Editing book 2 and the synopsis

Last Friday I reached the next stage in my editing process of book 2. I was so excited to crack on that I did half an hour over the next few evenings before getting back into routine on Monday. I haven’t had a splurge like that for a while and it felt great.

I don’t have a specific editing process, or even a writing process, as yet for my books. I am still finding my feet, figuring out works best for me and each individual book. Because book 2 has been very different to writing and editing book 1. Book 1 I always had a plan. I had left it a long time before writing a second draft that when I came to write it I knew exactly where I wanted it to go. Yes, there was still a hell of a lot of editing but I never doubted myself. When I ‘checked’ it against various plot outlines it flowed in all the right places. Book 2 has always had a life of it’s own.

I wrote book 2 during Camp NaNo last April. I left it a good few months before picking it up again, concentrating on getting book 1 ready for submission. When I did pick it up again I read it through. I have heard people say you should just readthrough and not make any notes or comments, but I can’t do that. My red pen is alive and I am prone to forgetfulness. If I see a typo or read something ridiculously cliche or ‘what on earth did I write that for?’, or find a glaringly obvious contradiction, I need to make a note of it there and then. So that is what I did, having typed out my MS and printed it out, each page is now covered with notes, crossings out, ‘REWRITE THIS SENTENCE/PARAGRAPH/CHAPTER’. There was even a scene I had completely omitted to write in the fast-paced flow of NaNo. This happened when I wrote book 1 too, although I think the scene I did not write then was more because I didn’t think I could do it justice, because it was on my very detailed plan. This one in book 2 was just plain oversight.

However, once I had finished this process I put the MS aside. I didn’t want to, I spent days picking it up and just staring it, willing it to come alive in all it’s true perfection. But obviously, that did not happen. So in the end, I did what it wanted me to do and just ignored it for a few months.

Picking it up again, I tried a different tactic. I plotted it against an outline to see how it fell. At the same time, I plotted book 3 against one too, trying to figure out if they would make more sense as one book. Because my biggest issue at the time was that book 2 ends on something of a cliffhanger. Nothing dramatic. The story has been rounded up, but it leads on to the next one immediately. Despite my doubts about my plot, the flow of the story was good with regard to plot turning points, etc. I felt better about that and set myself the task of writing the synopsis for the book. Never an easy task and nowhere near polished it did identify the key difficulty I am having with this book – multiple POVs and storylines. Actually, the POVs I feel pretty comfortable with, it is the multiple storylines which feel quite disjointed, like there is too much going on. But at this stage, everything is important to the overall story.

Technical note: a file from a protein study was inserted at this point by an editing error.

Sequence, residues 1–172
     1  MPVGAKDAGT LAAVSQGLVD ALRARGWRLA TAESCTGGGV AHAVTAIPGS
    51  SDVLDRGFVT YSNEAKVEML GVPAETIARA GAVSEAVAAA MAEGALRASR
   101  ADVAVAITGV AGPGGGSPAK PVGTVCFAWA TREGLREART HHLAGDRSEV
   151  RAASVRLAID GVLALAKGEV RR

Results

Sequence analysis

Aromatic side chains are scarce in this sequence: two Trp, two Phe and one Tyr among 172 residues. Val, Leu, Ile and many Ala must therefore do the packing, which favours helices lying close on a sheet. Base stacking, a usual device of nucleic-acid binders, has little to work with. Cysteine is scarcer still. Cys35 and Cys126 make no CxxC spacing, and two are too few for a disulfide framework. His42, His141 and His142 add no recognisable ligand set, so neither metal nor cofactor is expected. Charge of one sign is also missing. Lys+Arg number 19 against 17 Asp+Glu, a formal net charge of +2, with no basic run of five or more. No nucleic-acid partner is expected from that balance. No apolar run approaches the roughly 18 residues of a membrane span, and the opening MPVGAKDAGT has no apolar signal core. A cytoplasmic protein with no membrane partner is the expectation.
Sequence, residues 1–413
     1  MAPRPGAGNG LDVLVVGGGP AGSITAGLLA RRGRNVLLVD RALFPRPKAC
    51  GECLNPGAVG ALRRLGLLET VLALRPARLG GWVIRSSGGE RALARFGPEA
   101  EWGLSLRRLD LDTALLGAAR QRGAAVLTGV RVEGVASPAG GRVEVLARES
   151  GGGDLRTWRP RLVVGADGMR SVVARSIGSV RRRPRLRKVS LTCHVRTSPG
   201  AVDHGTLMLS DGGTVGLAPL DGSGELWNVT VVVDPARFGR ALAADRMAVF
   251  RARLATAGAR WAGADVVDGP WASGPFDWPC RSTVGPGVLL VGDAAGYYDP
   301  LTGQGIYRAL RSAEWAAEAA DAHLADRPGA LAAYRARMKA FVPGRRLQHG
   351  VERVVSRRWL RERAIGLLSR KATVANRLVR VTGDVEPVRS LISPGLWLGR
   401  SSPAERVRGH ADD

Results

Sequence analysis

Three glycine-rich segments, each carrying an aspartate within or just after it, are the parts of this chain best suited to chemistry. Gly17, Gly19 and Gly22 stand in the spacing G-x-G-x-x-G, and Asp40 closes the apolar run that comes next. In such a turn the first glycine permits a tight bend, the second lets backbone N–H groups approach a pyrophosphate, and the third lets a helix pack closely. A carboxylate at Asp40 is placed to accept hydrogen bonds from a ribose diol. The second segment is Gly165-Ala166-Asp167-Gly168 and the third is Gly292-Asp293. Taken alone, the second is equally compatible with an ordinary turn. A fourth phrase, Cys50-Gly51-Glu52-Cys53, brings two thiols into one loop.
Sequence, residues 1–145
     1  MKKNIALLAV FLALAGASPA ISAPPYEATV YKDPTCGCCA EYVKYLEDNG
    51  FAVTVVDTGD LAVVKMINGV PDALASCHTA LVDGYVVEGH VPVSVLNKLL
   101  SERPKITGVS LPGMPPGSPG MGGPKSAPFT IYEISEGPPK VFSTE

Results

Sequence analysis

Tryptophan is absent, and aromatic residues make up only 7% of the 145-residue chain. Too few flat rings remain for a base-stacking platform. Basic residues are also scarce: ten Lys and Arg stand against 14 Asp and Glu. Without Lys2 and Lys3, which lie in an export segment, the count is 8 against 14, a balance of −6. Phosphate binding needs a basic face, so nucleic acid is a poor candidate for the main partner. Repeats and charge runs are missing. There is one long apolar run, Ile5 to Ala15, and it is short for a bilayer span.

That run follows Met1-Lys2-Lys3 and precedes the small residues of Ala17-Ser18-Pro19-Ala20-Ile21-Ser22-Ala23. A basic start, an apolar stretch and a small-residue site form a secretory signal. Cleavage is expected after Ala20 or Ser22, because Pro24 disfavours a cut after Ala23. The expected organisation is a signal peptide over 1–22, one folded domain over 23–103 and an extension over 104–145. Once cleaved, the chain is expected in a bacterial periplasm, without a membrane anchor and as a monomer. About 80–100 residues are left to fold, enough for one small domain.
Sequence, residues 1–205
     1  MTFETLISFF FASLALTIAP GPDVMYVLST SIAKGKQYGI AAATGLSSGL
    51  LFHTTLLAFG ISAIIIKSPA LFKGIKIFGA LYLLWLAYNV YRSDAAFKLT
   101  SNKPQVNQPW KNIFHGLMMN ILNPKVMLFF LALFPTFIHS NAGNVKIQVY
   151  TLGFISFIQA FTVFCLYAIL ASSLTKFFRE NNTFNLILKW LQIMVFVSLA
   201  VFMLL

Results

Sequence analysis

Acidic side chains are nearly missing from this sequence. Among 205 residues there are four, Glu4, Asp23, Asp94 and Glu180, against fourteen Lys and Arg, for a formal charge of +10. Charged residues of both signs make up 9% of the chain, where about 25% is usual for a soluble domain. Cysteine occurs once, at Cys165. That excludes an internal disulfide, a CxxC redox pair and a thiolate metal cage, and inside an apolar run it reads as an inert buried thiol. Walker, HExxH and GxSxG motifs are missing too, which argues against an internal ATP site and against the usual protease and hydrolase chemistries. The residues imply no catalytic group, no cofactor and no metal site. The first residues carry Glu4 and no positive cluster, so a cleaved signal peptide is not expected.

The rainbow bridges that unite the realm of Kisan-ru are open once more, but the realm is still not at peace. The answer to peace – or so Selene believes – is to kill Electra and to do this she must return to the realm on the other side of the rainbow.

But things are never this simple when soul-destroying monsters haunt the night, civil war wreaks havoc through one of the kisan, and the guardian of Kisan-ru is searching the realm for the scattered remains of their true enemy and has not told Selene all she needs to know.

Because when Selene kills Electra things do not go to plan. The two girls are connected by more than they could ever know and Electra, unable to die by anything other than natural means, is sent to the guardian of Kisan-ru to be saved, as Selene is hunted down to meet her own punishment.

Selene will not accept that what she did was wrong and she demands answers, learning that Electra’s death is not the only thing that will bring peace. The guardian of Kisan-ru must also be at peace with herself. But this can only happen if the true enemy is put back together again. Any chance of eternal peace could be destroyed in an instance, but it is a risk the guardian must take if Kisan-ru is to exist at all.

As the enemy grows in strength, the guardian falls. She is sent beyond the shadows to the place where it all began. But so long as one true believer exists, she and Kisan-ru can both be saved. In the search for peace, Kisan-ru has entered its final age of darkness.

When I sat down last weekend I felt ready to crack on with editing each chapter in turn. My red pen went wild on chapter 1 and it has been much improved. I have sorted an issue I was having with POV, which was the main problem with this chapter. I also realised, although I don’t feel chapter 1 has this problem, that I have been withholding information – as book 2, I need to provide enough information that the book holds it own, but not too much that the reader (and I) get bored. (I once read a comment of someone who said the first draft of their second book in the series felt like fanfiction of their first – at the moment, book 2 feels something like this.)

As excited as I am about editing each chapter in turn, I am wondering if this is the best tactic right now. I think what I actually need to do is research multiple storylines and POVs, and sequels before I go any further.


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